The MarketWatch headline: It’s the end of ‘fantasyland’ for Big Tech and its workers
Published: July 22, 2022 at 10:46 a.m. ET
By Jon SwartzFollow
Subheadline Tech companies are starting to cut back and workers are shocked by the changes
After Big Tech grew in unprecedented and unchecked fashion for a decade, building ostentatious palaces to house growing workforces while plying them luxuriant freebies to keep them from defecting to rivals, is the wild ride over?
Tech’s largest companies, as well as their smaller competitors, are looking to cut back as they face a litany of headaches: Billions of dollars in unused commercial real estate; supply-chain and cost issues; evaporating funding; a 21% drop in global M&A activity in the first half of the year to $2.2 trillion, according to new data from Refinitiv; an all-but-shut window on IPOs; wage inflation; talent retention.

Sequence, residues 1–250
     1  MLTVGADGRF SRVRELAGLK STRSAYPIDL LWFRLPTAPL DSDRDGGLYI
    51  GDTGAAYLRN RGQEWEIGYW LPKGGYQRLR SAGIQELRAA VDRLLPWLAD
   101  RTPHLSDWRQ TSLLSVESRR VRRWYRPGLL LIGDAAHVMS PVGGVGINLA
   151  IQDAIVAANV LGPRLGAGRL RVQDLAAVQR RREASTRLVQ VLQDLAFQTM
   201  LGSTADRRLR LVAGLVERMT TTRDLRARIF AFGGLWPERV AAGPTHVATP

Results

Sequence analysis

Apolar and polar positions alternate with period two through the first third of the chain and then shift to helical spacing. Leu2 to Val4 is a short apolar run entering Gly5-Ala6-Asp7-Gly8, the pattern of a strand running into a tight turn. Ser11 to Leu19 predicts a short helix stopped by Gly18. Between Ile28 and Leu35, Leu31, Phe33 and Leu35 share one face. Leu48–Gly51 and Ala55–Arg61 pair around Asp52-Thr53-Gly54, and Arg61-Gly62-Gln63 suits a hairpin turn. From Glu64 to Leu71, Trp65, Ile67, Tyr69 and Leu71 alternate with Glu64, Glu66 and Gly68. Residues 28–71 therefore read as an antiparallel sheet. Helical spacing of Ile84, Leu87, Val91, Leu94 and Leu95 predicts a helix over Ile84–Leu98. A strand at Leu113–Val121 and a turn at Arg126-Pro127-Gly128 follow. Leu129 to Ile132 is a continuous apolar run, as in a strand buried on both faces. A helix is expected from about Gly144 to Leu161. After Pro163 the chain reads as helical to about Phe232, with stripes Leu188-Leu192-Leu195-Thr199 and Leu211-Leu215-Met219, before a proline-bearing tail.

The chief executives of Meta Platforms Inc. META, -7.59% and Alphabet Inc.’s GOOGL, -5.63% GOOG, -5.81% Google have warned employees of tough times ahead — with Mark Zuckerberg telling employees on the last day of the second quarter that the company faced one of the “worst downturns that we’ve seen in recent history” —and Microsoft Corp. MSFT, -1.69% is slowing hiring in some groups and eliminating a few jobs. Even the world’s most valuable company, Apple Inc., AAPL, -0.81% reportedly plans to scale back hiring and spending, after profligate spender Amazon.com Inc. AMZN, -1.77% signaled cutbacks earlier this year. Other high-flying tech players in recent years, such as Netflix Inc. NFLX, -1.54%, Snap Inc. SNAP, -39.08% and Lyft Inc. LYFT, -4.45% are making similar or more drastic moves, and many startups are in much worse shape.